Audre Lorde (Broadside Press, 1975)
Recommended by Rona Cran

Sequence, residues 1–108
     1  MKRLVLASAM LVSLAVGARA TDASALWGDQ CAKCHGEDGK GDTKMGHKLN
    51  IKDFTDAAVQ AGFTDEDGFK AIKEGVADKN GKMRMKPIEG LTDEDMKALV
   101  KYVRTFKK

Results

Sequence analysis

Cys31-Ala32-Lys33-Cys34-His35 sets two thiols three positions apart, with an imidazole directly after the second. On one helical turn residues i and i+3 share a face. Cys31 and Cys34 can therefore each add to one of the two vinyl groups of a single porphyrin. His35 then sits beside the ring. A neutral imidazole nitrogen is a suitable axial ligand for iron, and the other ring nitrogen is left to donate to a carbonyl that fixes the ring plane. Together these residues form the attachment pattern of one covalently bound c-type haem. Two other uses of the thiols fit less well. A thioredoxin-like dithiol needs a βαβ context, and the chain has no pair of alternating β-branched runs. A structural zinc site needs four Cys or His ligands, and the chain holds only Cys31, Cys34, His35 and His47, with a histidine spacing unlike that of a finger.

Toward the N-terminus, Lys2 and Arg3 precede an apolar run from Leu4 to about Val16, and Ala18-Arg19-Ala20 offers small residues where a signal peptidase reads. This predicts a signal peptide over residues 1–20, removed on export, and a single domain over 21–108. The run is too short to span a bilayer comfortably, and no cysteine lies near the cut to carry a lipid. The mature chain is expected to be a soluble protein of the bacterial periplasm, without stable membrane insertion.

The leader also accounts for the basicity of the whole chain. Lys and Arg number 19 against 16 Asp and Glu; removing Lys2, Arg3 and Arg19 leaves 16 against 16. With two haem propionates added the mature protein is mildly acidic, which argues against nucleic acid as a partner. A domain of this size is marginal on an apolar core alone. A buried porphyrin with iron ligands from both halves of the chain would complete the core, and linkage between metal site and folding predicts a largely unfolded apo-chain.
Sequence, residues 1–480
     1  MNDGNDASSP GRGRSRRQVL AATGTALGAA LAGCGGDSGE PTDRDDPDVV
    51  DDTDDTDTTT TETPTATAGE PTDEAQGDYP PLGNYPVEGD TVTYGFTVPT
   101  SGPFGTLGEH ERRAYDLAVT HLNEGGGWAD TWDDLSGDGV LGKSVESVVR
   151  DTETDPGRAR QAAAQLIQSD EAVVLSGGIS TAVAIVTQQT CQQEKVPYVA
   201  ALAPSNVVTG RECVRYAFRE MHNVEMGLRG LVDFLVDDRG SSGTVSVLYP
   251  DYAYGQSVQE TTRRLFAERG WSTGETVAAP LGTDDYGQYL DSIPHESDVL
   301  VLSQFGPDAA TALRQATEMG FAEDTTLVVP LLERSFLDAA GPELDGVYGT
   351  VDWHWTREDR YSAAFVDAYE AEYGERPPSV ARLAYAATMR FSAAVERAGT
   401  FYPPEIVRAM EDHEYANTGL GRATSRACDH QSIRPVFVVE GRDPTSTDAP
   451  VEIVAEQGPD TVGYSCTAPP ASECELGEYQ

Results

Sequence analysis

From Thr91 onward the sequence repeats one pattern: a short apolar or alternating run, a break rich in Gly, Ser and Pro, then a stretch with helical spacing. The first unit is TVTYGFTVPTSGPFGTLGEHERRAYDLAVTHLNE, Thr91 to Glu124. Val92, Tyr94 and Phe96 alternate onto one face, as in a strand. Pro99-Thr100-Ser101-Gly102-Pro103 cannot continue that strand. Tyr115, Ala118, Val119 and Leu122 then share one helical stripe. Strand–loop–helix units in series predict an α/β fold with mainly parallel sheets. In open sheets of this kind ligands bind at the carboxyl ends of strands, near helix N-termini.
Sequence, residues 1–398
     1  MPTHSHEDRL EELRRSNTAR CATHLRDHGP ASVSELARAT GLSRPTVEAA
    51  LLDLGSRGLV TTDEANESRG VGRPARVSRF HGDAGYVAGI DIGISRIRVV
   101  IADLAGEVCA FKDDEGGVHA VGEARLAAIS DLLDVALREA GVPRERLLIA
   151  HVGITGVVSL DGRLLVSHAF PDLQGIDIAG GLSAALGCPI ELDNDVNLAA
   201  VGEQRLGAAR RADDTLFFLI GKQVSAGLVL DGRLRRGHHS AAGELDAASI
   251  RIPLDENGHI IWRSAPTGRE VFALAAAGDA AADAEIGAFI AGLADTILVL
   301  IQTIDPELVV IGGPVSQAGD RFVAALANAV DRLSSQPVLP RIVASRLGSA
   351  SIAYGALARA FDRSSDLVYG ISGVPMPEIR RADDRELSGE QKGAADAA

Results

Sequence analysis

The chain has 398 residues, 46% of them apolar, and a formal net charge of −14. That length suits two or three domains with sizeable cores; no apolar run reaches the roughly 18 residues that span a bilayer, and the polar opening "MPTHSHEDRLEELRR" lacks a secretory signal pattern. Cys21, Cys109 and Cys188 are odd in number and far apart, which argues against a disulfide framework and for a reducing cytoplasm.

Sara Ahmed observes that Lorde’s writing is ‘personal testimony as well as political speech’ and that she ‘made life itself a political art, an art which you must craft from the resources that you have available’. One of her most crucial resources was New York, the place where she was born and where she lived for signiﬁcant periods of time. Her 1975 collection New York Head Shop and Museum (now out of print but available as part of her Collected Poems), is both a portrait of the city as it slid into dereliction in the 1970s and a metaphorical act of taking to the streets in order to reclaim space and assert the existence of the marginalised. A glance at the contents list indicates the extent of New York’s critical role in the collection –titles include ‘New York City 1970’, ‘To Desi as Joe as Smoky the Lover of 115th Street’, ‘A Sewerplant Grows in Harlem’, ‘A Birthday Memorial to Seventh Street’, ‘A Year to Life on the Grand Central Shuttle’, ‘A Trip on the Staten Island Ferry’ and ‘Memorial III from a Phone Booth on Broadway’. The poems themselves are ﬁlled with references to a wide range of identiﬁable places all over New York, including the subway, the Staten Island Ferry, East Side Drive, Wall Street, Fourteenth Street, Riverside Drive, Brighton Beach Brooklyn and 125th Street and Lenox. The city that emerges from New York Head Shop is overwhelmingly deﬁcient but richly lived, containing occurrences of horror, heartbreak and sometimes happiness.